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Impact of impaired glomerular filtration rate and revascularization strategy on one-year cardiovascular events in acute coronary syndrome: data from Taiwan acute coronary syndrome full spectrum registry

Tsung-Hsien Lin12, Ho-Tsung Hsin3, Chun-Li Wang45, Wen-Ter Lai12*, Ai-Hsien Li3, Chi-Tai Kuo45, Juey-Jen Hwang6, Fu-Tien Chiang6, Shu-Chen Chang7, Chee-Jen Chang8 and On behalf of Taiwan ACS Full Spectrum Registry Investigators

Author Affiliations

1 Division of Cardiology, Department of Internal Medicine, Kaohsiung Medical University Hospital, No.100, Tzyou 1st Road, Kaohsiung 80708, Taiwan

2 Department of Internal Medicine, Faculty of Medicine, Kaohsiung Medical University, Kaohsiung, Taiwan

3 Division of Cardiology, Department of Internal Medicine, Far Eastern Memorial Hospital, Taipei, Taiwan

4 Chang Gung University College of Medicine, Taoyuan, Taiwan

5 Division of Cardiology, Department of Internal Medicine, Linkou Chang Gung Memorial Hospital, Linkou, Taiwan

6 Division of Cardiology, Department of Internal Medicine, National Taiwan University Hospital, Taipei, Taiwan

7 Division of Biostatistics, Institute of Public Health, National Yang-Ming University, Taipei, Taiwan

8 Graduate Institute of Clinical Medicine, Research Center for Clinical Informatics and Medical Statistics, Chang Gung University, Taoyuan, Taiwan

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BMC Nephrology 2014, 15:66  doi:10.1186/1471-2369-15-66

Published: 23 April 2014



The optimal revascularization strategy for patients with impaired glomerular filtration rate (IGFR) has not been established in acute coronary syndrome (ACS). We investigated the prognosis and impact of IGFR and invasive strategy on the cardiovascular outcomes in the ACS population.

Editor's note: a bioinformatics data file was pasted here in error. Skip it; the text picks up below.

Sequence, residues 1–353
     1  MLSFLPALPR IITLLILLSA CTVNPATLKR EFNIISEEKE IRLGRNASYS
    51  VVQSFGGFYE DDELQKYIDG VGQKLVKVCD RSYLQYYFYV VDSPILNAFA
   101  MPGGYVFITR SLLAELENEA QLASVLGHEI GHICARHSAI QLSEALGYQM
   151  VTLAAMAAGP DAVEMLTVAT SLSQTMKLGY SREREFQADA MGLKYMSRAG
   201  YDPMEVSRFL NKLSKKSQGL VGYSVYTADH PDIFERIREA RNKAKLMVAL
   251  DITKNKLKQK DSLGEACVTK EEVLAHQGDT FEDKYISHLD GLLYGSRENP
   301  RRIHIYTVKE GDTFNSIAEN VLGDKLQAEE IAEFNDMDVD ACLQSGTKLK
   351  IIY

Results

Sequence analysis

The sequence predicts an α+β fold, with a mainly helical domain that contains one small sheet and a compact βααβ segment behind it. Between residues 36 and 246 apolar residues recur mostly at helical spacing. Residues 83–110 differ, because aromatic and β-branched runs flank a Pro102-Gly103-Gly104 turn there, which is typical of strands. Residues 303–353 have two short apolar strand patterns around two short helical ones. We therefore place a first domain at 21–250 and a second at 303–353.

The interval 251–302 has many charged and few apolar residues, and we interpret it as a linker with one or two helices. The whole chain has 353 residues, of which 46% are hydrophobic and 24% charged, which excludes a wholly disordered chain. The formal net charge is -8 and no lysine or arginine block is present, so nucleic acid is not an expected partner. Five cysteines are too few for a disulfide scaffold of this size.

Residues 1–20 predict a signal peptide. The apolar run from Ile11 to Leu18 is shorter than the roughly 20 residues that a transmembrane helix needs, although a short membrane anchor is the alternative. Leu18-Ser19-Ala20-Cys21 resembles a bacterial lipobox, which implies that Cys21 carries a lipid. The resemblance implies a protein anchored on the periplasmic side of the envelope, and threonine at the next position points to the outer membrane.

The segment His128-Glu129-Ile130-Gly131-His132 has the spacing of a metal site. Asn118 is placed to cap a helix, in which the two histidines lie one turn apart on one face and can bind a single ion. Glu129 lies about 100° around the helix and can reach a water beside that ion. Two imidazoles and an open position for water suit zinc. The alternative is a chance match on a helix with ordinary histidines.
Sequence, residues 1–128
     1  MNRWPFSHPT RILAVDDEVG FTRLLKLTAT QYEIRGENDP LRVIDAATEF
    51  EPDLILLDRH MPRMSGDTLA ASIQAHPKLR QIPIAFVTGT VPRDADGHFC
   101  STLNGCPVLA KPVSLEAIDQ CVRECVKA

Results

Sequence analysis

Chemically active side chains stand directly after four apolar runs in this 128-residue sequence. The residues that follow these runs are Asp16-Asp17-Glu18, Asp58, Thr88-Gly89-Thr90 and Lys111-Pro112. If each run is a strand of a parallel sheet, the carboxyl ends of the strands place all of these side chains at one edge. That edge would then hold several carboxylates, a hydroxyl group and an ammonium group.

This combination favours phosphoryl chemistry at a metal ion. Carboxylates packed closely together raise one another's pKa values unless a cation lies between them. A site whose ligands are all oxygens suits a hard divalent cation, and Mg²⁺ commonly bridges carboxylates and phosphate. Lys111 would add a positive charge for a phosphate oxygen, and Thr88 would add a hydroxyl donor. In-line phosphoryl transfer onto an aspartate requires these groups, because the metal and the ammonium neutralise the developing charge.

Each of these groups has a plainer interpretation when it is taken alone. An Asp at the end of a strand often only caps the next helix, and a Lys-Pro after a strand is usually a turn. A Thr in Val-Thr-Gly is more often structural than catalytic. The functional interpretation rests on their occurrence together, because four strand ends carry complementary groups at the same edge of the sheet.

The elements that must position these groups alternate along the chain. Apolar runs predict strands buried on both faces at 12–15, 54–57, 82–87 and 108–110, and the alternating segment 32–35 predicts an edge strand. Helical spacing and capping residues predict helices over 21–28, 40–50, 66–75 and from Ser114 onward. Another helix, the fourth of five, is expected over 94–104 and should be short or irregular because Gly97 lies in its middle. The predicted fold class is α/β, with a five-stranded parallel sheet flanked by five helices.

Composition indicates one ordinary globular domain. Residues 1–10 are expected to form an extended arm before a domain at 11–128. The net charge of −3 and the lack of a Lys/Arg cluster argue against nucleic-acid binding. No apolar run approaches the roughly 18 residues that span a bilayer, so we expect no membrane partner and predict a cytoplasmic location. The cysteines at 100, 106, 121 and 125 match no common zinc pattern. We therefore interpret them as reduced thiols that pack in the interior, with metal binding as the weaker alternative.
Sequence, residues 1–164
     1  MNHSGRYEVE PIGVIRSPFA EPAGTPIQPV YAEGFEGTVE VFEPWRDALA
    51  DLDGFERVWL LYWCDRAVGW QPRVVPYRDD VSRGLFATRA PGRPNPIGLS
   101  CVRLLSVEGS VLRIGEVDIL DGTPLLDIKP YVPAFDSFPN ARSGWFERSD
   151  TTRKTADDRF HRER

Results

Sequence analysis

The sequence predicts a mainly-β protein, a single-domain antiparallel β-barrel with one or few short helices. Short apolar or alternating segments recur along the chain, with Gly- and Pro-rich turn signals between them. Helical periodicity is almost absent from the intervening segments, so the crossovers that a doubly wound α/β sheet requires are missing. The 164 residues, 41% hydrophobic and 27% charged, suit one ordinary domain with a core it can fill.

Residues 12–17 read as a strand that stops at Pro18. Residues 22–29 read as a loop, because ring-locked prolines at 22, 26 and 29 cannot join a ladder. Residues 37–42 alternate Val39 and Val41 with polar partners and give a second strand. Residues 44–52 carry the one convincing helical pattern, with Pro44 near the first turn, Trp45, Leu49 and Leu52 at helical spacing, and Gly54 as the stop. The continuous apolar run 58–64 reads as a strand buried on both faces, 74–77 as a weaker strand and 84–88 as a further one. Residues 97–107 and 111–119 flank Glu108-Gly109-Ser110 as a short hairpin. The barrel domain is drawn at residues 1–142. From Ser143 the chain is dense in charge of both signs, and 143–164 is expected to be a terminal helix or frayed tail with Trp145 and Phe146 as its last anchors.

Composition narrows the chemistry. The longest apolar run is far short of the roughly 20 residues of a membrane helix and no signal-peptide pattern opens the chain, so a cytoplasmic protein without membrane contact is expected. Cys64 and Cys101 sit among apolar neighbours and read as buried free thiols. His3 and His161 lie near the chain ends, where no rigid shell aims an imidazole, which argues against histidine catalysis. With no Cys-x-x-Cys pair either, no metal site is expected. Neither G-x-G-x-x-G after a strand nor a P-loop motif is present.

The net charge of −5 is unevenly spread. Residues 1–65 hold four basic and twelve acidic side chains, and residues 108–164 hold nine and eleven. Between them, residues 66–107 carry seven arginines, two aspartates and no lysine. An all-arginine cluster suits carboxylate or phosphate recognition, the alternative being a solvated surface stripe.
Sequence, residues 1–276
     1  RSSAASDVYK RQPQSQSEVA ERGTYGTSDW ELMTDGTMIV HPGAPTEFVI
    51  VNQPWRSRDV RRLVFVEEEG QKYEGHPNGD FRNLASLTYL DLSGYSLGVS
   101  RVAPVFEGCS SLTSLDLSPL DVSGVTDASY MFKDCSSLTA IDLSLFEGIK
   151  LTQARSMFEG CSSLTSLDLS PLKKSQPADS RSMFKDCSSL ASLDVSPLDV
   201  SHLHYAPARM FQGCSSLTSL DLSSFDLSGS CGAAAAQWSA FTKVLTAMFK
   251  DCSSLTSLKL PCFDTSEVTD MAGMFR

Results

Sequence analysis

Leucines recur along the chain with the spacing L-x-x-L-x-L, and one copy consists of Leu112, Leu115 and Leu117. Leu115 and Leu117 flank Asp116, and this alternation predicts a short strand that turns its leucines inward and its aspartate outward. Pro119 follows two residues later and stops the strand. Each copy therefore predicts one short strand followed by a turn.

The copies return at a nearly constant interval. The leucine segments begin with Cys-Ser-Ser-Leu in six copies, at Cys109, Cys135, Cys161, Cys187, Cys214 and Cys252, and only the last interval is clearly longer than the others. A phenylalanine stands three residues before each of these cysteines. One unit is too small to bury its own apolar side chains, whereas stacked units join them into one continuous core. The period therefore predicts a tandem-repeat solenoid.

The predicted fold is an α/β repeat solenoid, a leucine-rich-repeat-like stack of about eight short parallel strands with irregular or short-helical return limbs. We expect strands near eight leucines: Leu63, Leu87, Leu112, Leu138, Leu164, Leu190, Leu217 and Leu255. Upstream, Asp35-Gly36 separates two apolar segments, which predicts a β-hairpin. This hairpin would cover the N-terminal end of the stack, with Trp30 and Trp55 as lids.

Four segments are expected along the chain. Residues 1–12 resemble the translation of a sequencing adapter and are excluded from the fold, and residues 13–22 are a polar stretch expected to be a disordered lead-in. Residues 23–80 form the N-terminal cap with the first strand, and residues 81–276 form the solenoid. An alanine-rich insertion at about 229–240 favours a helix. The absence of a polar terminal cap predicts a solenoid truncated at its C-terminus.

In a Taiwan national-wide registry, 3093 ACS patients were enrolled. The invasive strategy was defined as patients with ST-elevation ACS (STE-ACS) undergoing primary angioplasty or fibrinolysis or coronary angiography with intent to revascularization performed within 72 hours of symptom onset in non-ST-elevation ACS (NSTE-ACS). IGFR was defined as an estimated GFR of less than 60 ml/min per 1.73 m2. Primary endpoint was a composite of death, non-fatal myocardial infarction or stroke at one year.


Patients with IGFR (n = 1226) had more comorbidities but received less evidence-based medications during admission than those without IGFR (n = 1867). The primary endpoint-free survival rate is lower in the IGFR patients, in the whole, STE-ACS and NSTE-ACS population (all log-rank tests p < 0.01). Cox regression analysis revealed IGFR subjects had higher primary endpoint after adjusting by age, sex, medication at discharge and traditional risk factors (all p < 0.01). Kaplan–Meier curves showed IGFR patients without invasive strategy had the worst outcome in the STE-ACS and NSTE-ACS population (both p < 0.01). The invasive strategies, either with early angiography only or angioplasty, were associated with reduced primary endpoints among IGFR patients in the NSTE-ACS population (both p ≦ 0.024).


IGFR patients suffering from ACS had poor prognosis and an invasive strategy could improve cardiovascular outcome in the NSTE-ACS population.

Acute coronary syndrome; Chronic kidney disease; Invasive; Revascularization; Angiography